Trauma, Stress and Early Childhood

Over the past several weeks, Dr. Leeson and several of my class colleagues discussed the affects that trauma, whether slight or severe, has on young children and their ability to process, cope and survive traumatic situations.

Strolling through my collection of articles, today I ran across a post from NEA Today Express entitled How Trauma Changes Children’s Brains.  Researchers are discovering that continued stress and trauma can change the makeup of a child’s intellect and thinking (Flannery, 2016).  As educators it is important for us to include conversations about stress and traumatic events weekly with our students.  Presenting a calm environment for them to openly discuss issues and concerns where their peers and teachers can provide avenues of how to handle different situations. Do you agree or disagree?     All comments are welcomed.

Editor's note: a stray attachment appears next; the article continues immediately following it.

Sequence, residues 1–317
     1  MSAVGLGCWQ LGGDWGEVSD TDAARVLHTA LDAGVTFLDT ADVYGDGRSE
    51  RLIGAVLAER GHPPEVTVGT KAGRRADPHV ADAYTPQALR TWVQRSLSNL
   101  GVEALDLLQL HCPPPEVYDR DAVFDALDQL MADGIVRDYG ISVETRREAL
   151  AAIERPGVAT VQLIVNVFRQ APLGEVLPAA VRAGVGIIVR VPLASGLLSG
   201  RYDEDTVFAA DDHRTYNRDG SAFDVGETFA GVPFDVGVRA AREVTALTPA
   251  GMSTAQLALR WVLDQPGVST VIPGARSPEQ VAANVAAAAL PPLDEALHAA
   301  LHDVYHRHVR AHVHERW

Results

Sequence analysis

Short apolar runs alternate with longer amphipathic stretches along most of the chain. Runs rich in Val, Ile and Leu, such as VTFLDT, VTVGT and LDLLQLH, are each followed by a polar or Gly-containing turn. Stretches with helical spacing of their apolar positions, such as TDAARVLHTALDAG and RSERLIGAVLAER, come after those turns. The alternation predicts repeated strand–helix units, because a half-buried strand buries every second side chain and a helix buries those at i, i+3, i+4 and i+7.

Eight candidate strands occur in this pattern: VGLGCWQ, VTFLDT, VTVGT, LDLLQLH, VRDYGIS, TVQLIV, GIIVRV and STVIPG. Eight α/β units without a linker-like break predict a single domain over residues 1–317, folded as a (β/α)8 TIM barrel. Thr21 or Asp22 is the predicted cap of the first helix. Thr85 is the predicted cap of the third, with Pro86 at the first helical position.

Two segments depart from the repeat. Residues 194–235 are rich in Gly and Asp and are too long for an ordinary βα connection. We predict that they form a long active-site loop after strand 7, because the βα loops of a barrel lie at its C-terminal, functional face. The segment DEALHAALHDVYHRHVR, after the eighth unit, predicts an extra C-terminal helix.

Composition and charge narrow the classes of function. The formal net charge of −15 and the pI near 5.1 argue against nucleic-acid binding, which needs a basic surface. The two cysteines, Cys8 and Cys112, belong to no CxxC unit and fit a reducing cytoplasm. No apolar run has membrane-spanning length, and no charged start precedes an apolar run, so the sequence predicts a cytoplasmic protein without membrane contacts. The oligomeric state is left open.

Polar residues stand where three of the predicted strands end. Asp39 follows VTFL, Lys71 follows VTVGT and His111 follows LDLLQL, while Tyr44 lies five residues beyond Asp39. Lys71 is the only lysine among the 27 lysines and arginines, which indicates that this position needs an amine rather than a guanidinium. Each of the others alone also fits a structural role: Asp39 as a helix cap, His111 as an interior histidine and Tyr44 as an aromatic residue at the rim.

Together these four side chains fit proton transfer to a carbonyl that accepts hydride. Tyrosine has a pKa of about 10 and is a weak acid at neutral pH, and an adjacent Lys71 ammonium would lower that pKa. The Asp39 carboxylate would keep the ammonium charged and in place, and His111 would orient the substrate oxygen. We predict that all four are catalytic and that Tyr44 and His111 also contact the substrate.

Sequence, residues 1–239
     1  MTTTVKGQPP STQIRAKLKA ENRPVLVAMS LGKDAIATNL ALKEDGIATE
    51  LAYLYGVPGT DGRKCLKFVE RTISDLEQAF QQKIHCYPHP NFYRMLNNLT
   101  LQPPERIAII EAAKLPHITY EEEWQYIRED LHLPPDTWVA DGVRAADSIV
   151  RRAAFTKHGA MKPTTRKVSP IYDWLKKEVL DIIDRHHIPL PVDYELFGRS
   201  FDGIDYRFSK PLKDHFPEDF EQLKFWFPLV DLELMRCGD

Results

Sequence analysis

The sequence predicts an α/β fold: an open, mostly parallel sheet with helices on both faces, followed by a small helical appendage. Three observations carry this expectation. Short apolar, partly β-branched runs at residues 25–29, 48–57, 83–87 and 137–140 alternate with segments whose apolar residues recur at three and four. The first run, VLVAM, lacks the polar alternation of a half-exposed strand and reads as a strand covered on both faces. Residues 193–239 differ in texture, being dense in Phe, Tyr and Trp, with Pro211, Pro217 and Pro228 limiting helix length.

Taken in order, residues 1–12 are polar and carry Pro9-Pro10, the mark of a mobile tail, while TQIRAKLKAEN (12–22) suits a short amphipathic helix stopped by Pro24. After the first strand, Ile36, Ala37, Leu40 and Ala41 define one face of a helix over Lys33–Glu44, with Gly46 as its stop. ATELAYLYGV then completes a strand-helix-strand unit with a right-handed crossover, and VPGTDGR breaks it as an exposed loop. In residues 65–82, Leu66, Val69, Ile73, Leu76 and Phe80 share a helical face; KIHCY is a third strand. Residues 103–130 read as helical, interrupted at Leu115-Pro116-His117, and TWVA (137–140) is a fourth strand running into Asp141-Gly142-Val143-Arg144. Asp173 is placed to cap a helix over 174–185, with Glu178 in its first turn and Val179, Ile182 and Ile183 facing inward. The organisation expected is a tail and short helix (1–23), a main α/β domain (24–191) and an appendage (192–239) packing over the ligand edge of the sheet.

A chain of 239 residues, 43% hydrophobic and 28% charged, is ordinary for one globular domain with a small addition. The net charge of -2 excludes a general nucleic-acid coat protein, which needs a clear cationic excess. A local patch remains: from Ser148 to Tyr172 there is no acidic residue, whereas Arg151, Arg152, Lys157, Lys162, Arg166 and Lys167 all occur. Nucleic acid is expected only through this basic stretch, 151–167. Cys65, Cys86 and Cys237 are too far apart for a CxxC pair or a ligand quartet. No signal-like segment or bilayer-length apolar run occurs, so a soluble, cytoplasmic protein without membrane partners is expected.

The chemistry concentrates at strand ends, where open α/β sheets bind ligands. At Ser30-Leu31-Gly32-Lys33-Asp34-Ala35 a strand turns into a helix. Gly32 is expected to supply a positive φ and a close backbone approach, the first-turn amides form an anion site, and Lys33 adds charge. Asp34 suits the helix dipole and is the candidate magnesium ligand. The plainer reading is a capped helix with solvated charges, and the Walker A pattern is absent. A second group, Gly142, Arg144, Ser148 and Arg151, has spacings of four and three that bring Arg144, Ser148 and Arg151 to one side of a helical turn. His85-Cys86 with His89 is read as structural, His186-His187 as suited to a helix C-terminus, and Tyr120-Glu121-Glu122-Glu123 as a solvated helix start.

I’ve included the link to the article here.

Reference

Flannery, M.E. (2016) How Trauma Changes Children’s Brains. NEA Today.  Retrieved from http://neatoday.org/2016/05/17/trauma-and-children/?utm_source=nea_today_express&utm_medium=email&utm_content=trauma&utm_campaign=160601neatodayexpress

One thought on “Trauma, Stress and Early Childhood

  1. I think it is very interesting. I am glad you shared on the WUECO page. While teachers may not be able to control the colors on the walls, there are so many things we can do for young children.

    “Ritchie also recommends teaching strategies that include predictable classroom routines with advance warning to students of any changes; asking students to repeat verbal instructions, using more written instructions, and also using visual prompts for multi-step directions, like a sticky post-it note on a desk.” What can we do to make a classroom emotionally safe for children?

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